It is unclear what sources Syria Report has to peg the number of militants who perpetrated the massacre at 350, or their method of rounding up the villagers in the central square. Syria Report also comes up with a way to include both Fars News Agency’s report that “all” the villagers were killed and also breakingnews.sy’s report of Syrian Army engagement with the rebels in the village: the Syrian Army reached the village “after the massacre.” The rest of the Syria Report article is their gloss on the situation, linking Jabhat al-Nusra with the Free Syrian Army and highlighting rising sectarianism and violence against civilians.
Finally, it is not at all clear that breakingnews.sy has correctly identified the group responsible for the attack on al-Duwayr. Indeed, news articles from 10 March 2013 celebrate the Free Syrian Army’s “liberation” of al-Duwayr from regime control, which suggests that they were in control of the village before the massacre took place.
Unfortunately it is only too plausible that a massacre took place in the Christian village of al-Duwayr near Homs. Sources favorable to the Assad regime blame the Free Syrian Army, the group to which US President Obama has just promised weapons. The absence of counter-claims by the rebels suggests that at least some rebel group probably did carry out the massacre. Their motive is less clear; the contemporaneous battle for al-Qusayr may indicate that looting was the desired goal, or perhaps a desire not to leave anything that would help the regime when it came into town, but it is unlikely that the Christian village of al-Duwayr had any equipment that would be useful to either side. Some graffiti in the ruined church indicates an Islamist rejection of other religions (to a degree not required by shari’a), but it is not clear whether this graffiti was the tag on the church or the motive for the entire attack. If the fighters had recently escaped from a siege in al-Qusayr, they may have been primarily after food. But like so many other war crimes and works of opportunistic violence during the Syrian Civil War, the actual chain of events along with any possibility of justice in this situation may be lost beyond recovery.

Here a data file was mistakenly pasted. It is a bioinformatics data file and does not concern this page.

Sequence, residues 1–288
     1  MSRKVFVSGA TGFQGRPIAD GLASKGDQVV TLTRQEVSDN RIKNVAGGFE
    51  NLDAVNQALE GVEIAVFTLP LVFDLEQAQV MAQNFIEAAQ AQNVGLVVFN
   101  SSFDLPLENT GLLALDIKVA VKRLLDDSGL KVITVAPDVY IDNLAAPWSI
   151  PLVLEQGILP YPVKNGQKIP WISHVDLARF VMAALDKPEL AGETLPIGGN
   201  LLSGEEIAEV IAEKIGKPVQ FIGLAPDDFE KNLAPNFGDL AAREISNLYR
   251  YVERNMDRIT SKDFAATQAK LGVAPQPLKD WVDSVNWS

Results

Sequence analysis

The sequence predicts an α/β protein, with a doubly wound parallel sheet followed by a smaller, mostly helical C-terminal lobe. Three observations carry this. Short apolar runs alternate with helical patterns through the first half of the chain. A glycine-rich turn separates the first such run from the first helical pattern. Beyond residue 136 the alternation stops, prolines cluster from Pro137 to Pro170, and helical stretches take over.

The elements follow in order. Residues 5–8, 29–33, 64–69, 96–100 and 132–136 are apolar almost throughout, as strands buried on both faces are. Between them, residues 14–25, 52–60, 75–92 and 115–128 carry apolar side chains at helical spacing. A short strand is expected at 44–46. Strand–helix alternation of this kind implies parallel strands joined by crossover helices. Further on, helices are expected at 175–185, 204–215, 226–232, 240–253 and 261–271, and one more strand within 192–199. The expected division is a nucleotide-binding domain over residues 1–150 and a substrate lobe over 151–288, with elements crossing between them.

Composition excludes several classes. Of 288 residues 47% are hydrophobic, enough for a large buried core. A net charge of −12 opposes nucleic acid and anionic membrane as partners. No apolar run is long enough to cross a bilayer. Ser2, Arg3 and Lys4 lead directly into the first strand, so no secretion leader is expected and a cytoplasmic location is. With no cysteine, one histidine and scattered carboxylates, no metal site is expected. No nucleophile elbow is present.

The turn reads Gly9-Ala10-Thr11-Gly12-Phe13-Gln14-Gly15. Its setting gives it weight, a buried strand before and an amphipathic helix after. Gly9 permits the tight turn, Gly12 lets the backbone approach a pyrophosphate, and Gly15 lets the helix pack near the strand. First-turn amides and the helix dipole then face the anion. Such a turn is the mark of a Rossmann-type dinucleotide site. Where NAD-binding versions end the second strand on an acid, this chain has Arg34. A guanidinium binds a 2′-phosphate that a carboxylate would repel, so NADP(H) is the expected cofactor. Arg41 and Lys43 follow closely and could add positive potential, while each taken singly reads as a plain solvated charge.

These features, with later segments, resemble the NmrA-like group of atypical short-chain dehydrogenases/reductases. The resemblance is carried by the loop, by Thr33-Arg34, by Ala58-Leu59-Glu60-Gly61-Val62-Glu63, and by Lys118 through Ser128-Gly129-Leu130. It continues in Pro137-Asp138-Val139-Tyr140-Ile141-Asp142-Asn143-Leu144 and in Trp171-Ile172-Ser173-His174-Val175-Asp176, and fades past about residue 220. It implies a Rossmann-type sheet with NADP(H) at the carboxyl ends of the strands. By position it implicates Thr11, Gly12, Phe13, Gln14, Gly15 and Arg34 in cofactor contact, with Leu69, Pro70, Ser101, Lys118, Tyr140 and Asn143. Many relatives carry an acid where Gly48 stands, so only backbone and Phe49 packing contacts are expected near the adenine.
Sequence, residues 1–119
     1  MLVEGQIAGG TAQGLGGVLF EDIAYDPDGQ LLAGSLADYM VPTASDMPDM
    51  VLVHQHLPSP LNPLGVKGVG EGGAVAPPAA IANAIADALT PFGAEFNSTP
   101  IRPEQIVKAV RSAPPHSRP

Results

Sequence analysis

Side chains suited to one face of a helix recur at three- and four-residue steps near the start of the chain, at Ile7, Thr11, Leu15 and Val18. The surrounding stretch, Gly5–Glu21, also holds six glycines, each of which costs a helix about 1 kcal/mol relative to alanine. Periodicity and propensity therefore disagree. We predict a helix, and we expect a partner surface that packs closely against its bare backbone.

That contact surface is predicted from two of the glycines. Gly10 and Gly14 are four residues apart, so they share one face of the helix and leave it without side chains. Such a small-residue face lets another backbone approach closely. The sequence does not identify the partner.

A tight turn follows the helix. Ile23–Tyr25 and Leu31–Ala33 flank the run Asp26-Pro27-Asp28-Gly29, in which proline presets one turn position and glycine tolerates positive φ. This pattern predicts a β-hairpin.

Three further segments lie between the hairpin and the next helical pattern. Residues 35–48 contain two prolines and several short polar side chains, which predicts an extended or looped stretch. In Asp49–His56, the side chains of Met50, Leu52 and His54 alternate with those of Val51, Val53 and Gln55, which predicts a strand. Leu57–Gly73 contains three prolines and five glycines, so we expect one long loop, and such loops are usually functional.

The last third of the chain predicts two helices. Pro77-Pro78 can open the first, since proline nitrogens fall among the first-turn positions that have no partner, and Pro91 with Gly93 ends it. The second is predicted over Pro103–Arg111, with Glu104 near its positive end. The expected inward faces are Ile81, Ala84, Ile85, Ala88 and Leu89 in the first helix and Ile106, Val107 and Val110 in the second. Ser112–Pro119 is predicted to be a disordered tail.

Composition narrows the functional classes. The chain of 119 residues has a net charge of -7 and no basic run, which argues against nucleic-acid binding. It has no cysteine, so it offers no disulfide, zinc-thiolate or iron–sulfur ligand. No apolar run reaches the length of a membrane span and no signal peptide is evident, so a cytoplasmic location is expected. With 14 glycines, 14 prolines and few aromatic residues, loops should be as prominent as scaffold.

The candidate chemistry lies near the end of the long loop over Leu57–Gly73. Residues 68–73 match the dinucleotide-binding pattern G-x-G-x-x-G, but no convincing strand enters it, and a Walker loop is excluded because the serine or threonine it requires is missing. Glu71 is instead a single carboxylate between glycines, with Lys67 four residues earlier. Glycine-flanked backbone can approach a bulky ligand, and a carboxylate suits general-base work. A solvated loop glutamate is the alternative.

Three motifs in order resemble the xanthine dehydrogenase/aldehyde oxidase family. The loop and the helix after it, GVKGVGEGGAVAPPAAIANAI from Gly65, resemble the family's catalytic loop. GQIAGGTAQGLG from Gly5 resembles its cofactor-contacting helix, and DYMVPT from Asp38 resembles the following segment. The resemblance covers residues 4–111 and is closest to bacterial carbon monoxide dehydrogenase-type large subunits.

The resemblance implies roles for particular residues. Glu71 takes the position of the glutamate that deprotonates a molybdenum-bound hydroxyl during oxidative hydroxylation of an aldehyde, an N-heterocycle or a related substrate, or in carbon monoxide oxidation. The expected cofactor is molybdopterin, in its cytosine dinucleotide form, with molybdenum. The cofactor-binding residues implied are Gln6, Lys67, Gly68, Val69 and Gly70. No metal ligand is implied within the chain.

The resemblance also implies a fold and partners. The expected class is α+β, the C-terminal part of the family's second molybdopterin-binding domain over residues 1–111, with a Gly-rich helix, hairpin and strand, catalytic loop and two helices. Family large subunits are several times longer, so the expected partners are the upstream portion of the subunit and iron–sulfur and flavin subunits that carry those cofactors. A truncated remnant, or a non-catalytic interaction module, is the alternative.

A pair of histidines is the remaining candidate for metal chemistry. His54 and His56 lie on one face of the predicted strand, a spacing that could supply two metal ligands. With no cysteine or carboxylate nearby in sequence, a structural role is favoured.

US President Barack Obama decided this week that American weapons will be supplied to the Free Syrian Army under Brigadier-General Salim Idris. Of course, the announcement was made in advance of next week’s G8 summit in Northern Ireland to put the US in a better bargaining position relative to Russia with regard to the Syria issue. This is especially necessary since Russia secured the “in principle” agreement of the Assad government to the “Geneva 2” peace talks originally scheduled for this month, which have now been pushed back indefinitely since the US failed to secure from the Syrian National Coalition. Amid wide-ranging media speculation about the precise extent and nature of the US military aid, it is important to know a bit more about who will be receiving the materiel in Syria.